This high level summary could serve a Chief Risk Officer and/or board member of the bank. The KPI panel (upper left) incorporates Risk Adjusted Return on Capital (RAROC) as well as all risk types to which a firm is exposed. Interdependencies are typically determined by using pre-set correlations between the risk types or by using dependency modeling based on the bank’s internal models. Selecting a specific KPI will automatically update the trend chart (upper right), business unit comparison (lower left) and detail table (lower right).



By centralized data, calculations and KPIs information can be easily shared across the organization and the breadth and detail tailored to specific roles and responsibilities. This particular dashboard might be used by the Credit Risk Controlling department. It contains greater detail such as Exposure at Default (EAD) and Loss Given Default (LGD) KPIs, loss concentration by geography (lower left), and top exposure by counterparties (lower right).

In the navigation panel at the far left the information can be filtered by Business Unit, Region, and Industry. From the navigation panel you can also get to detailed reports or perform ad-hoc exploration to determine the root cause of problems.



While dashboards are great for monitoring KPIs and identify trends and variances at a glance, they can’t answer every question you might have. You also need the ability to perform ad-hoc analysis, through iterations of asking a question, getting and answer and asking more questions based on the results. By exploring and visualizing the relationships between KPIs and across dimensions of the business, you can get a deeper understanding of how they are impacting risk.

This screenshot shows distribution of EAD, RWA (Risk Weighted Assets) after Mitigation, and Regulatory Capital Requirements across countries in EMEA. However, a business person could easily analyze risk based on Product Class (On-Balance, Off-Balance, Derivative), Portfolio (Retail, Bank, Sovereign, Corporate) and sub-portfolio, Rating and Rating Model (Moody, S&P, Internal), Counterparty, etc.

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      Author's profile photo Former Member
      Former Member

      I agree that Business Analytics can analyze the risks across virtually any dimesion we want.  It is also important to analyze the interdependicies of risks and as an organization it is important to have consistent enterprise wide risk management policies which is where currently many organizations are lacking.  In fact there are many who don't understand the importance of risk management and just go by the norms required by BASEL II or any regulatory body.  There is a clear underlying importance in forming these policies and it is important for an organization to understand them and adopt it according to their requirements.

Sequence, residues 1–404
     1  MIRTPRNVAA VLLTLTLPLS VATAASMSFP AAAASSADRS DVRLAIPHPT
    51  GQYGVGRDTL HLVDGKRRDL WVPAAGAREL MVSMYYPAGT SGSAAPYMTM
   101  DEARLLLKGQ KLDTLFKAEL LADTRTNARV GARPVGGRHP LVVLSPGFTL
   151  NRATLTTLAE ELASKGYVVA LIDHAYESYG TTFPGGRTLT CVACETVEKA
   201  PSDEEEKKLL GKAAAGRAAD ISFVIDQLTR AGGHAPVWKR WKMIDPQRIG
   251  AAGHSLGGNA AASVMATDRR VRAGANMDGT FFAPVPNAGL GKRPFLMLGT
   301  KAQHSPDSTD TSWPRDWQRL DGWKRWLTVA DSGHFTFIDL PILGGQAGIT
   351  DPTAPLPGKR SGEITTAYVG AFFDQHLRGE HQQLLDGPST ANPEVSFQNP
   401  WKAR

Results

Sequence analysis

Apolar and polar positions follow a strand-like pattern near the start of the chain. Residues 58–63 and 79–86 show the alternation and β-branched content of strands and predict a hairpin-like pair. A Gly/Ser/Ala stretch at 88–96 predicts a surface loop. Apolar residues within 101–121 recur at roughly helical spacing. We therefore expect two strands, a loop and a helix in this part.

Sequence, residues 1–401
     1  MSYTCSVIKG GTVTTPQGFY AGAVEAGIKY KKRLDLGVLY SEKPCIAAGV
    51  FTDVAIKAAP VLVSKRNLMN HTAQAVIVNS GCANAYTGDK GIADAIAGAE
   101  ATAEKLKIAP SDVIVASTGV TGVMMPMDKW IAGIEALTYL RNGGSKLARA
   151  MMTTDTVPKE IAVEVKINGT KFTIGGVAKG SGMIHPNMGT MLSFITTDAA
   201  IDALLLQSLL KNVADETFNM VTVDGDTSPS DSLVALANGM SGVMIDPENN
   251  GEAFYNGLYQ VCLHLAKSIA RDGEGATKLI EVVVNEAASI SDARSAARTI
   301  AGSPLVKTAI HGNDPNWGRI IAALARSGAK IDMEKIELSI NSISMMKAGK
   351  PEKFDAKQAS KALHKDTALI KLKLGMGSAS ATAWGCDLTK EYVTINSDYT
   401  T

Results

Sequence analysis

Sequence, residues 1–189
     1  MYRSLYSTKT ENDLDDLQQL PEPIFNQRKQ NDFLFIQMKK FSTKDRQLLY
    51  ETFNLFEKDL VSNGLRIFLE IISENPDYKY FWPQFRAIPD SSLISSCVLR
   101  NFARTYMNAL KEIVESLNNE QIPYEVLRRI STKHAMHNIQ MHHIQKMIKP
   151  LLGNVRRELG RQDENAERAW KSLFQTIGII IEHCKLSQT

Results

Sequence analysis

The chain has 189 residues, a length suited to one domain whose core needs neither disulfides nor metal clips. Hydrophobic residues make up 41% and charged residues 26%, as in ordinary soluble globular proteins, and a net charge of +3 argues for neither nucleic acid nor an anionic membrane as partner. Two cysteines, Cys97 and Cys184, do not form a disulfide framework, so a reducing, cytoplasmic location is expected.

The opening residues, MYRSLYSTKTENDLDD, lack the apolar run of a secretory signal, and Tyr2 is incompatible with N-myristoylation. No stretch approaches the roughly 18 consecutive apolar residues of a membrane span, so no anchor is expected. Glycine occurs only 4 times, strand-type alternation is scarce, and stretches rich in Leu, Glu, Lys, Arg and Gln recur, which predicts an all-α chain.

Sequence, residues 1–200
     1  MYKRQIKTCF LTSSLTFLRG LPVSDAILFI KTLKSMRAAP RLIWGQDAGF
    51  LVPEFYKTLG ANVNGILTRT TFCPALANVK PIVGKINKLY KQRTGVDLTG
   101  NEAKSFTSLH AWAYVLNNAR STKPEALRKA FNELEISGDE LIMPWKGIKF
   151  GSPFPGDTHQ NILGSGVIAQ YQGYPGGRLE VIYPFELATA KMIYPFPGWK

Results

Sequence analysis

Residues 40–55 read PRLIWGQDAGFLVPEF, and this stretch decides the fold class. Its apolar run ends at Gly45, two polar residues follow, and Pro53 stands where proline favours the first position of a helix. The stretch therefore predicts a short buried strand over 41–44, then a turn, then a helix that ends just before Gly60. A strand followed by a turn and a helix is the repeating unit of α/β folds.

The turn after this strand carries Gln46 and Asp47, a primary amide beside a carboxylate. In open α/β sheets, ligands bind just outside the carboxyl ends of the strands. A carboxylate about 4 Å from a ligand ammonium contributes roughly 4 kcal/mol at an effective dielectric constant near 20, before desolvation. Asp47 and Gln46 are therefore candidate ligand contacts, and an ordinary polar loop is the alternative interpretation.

This can be achieved only by powerful analysis tools which SAP Business Analytics definitely is.  Risk management is not just an implementation of policy but a continous ongoing improvement process.  For example, the Capital adequacy Ratio as mentioned by the regulatory body might be 10% (minimum threshold)but depending on the kind of market it is dealing with, it might need to be increased.  Also there are many areas where the framework does not touch upon but it is important to analyze from a risk management perspective.

      It is great to see SAP coming up with so many important features in Financial services side and now SAP is definitely a full fledged product in this space.  Now it is important to keep up the momemtum and keep improving the product capabilities to be a definite diffentiator.

      I would definitely want SAP to be a full end to end product for banks and financial institutions for which there is currently some gaps which I think is defintely currently worked upon.

      Author's profile photo Dan Everett
      Dan Everett
      Blog Post Author
      Hi Ravi,
      Thanks for reading my blog and posting a response.

      I agree having comprehensive processes, policies, and controls beyond just regulatory requirements is critical. It sounds like you have some experience in risk management.

      Have you done some implementations and if so where?

      Also what are the gaps you see in the SAP portfolio?